Floods, as you might know, are the large quantities of water present in an otherwise dry location. These happen because of overflowing rivers, lakes seas, and other nearby water sources (dams), or because of very heavy rainfall that sends draining systems over the edge. In the United States this is a very common problem, and as climate change worsens, so do such disasters.
You might not always know when flooding is about to happen, but you’ll obviously feel its effect during, and definitely after. So, here are some steps you can take to keep yourself safe in case you’re caught off-guard.
The immediate action you should take is to turn on a news source like a radio, or your phone, and see what the authorities recommend doing. Meanwhile, know that at any moment flash-flooding can happen, so avoid staying near high-risk areas (streams, large draining systems) and try to get to higher ground as soon as possible.
If you’re evacuating, the steps you should take if there’s time to spare are moving anything you can out of harm’s way (outdoor furniture or appliances) or bringing them inside, turning off the main electricity switch and water valve, and unplugging every electrical device. Under no circumstance should you handle electrical devices if water has already infiltrated your home. Put any valuable items that you can’t carry into water-proof containers to keep them from being damaged. Also, release any livestock to increase their survival chance and take any pets with you if possible.
If you’re going to be driving to a safer location, keep in mind:
After the water level subsides, you might think it’s safe to return and assess the damage, but that might not always be the case. Consider the following:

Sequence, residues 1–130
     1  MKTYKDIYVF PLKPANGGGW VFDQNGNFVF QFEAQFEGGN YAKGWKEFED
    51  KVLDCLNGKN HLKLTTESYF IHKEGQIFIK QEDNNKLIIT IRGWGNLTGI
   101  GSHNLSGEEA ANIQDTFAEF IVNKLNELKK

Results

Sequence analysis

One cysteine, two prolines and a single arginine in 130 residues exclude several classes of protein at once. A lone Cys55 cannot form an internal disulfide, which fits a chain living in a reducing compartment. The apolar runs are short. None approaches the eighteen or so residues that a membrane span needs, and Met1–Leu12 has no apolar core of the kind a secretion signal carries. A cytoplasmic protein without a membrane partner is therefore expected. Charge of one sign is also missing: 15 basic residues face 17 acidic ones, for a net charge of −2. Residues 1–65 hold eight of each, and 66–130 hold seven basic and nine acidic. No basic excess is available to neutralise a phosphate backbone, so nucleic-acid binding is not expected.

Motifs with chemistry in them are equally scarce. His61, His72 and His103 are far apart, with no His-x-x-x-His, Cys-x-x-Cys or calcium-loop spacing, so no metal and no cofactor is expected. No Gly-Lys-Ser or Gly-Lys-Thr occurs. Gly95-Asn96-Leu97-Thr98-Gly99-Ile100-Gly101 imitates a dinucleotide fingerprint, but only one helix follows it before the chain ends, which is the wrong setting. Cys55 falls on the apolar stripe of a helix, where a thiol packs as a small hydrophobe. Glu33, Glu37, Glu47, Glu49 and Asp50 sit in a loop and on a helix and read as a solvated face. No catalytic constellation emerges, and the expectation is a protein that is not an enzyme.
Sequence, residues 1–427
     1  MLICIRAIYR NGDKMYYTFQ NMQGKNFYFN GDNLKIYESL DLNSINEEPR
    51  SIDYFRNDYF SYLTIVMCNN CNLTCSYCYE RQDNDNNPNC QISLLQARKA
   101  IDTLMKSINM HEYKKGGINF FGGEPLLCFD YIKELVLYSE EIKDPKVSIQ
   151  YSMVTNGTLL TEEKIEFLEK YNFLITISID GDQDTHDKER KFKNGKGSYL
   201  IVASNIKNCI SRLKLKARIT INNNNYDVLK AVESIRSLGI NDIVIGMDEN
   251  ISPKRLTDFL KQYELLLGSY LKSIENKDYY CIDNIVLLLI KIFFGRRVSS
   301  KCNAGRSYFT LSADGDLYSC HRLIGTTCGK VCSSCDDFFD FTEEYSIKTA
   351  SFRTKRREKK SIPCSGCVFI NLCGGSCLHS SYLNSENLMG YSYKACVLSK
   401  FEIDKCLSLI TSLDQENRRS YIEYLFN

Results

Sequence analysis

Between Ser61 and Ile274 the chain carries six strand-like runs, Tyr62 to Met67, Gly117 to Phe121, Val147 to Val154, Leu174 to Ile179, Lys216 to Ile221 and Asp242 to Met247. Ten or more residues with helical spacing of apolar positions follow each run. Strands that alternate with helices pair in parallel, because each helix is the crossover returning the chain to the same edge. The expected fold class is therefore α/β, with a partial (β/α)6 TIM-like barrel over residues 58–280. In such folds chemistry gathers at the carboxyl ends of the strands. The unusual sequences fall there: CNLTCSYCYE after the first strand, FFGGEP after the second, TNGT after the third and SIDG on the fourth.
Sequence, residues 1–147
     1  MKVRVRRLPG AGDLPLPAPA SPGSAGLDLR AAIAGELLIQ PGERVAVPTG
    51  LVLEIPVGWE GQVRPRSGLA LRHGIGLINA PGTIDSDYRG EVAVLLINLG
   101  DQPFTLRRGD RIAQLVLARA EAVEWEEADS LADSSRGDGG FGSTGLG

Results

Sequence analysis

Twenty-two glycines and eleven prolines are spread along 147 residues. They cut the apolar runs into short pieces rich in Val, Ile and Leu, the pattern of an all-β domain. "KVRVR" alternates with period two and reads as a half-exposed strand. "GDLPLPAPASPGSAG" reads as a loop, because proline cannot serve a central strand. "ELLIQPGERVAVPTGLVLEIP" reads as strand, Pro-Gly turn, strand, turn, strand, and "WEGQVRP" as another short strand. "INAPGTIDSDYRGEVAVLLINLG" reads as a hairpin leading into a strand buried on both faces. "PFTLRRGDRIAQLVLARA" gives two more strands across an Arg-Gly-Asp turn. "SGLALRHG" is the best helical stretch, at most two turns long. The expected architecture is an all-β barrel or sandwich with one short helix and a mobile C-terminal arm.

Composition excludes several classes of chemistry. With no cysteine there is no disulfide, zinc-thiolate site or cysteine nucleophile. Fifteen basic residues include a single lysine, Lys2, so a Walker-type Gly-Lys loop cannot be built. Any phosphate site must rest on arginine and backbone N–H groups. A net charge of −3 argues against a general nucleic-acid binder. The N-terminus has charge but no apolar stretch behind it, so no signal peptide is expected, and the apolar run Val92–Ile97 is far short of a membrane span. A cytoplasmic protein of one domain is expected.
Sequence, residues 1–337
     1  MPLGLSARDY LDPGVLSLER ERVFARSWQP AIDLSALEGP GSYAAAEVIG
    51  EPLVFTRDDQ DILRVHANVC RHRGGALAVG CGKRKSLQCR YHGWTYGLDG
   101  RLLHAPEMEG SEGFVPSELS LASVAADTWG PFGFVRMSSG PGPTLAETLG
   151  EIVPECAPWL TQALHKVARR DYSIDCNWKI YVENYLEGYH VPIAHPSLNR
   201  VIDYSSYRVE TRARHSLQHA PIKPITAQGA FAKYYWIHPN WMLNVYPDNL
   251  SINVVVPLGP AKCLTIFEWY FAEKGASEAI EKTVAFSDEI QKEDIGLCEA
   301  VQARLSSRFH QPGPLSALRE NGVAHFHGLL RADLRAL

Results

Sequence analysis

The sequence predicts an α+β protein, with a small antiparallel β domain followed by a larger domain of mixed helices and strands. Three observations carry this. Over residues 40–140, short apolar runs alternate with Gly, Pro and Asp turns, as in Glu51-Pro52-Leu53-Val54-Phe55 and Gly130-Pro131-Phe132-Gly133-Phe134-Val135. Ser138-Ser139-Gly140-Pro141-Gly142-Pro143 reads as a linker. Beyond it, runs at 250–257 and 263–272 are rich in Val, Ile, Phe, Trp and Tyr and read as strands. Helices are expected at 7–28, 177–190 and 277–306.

Three basic steps that anyone can take in order to keep health risks to a minimum are:
There are a few reasons why this is an important factor in the more frequent floodings, seeing as they keep breaking the records year after year, and those are as follows:
In the last century, the overall temperature has increased by 1.8°F. Although it might seem an unimportant number, it has actually caused a 4% higher wetness, meaning that when it rains, it pours, and when it pours, it comes with a high chance of flood. And it will continue to worsen, as experts say there will be another 50% jump by the end of this century.
Since heat levels are going up, sea levels follow, as the ice caps melt at a faster rate. An approximate height of 8 inches has been added to the oceans’ level, bringing the rising rate to a new high.
Rain isn’t the only phenomenon happening more often. Storms are amped up as well, and those can turn into highly potent hurricanes. Those in category 4, and even 5, have been showing up all around the U.S., bringing with them incredible damage and leaving thousands without a home or causing some of their deaths. Like in the case of higher heat, hurricanes are also expected to worsen as time passes.
The combination of those 3 turns flooding into an unavoidable situation. Other than doing damage to properties, it also causes a spike in disease, as overflowing water gathers from many sources, including sewers, bringing all kinds of bacteria and viruses along, turning potable water into polluted water.
Many have thought that “It doesn’t look so bad.” or “Don’t worry, I know what I’m doing!” and the outcome hasn’t been as good as they’d hoped. Never underestimate the power of natural disasters and always try to stay one step ahead. Even by doing so, there’s no way of predicting when things will start to spiral out of control. As they say, an ounce of prevention is better than a pound of cure.
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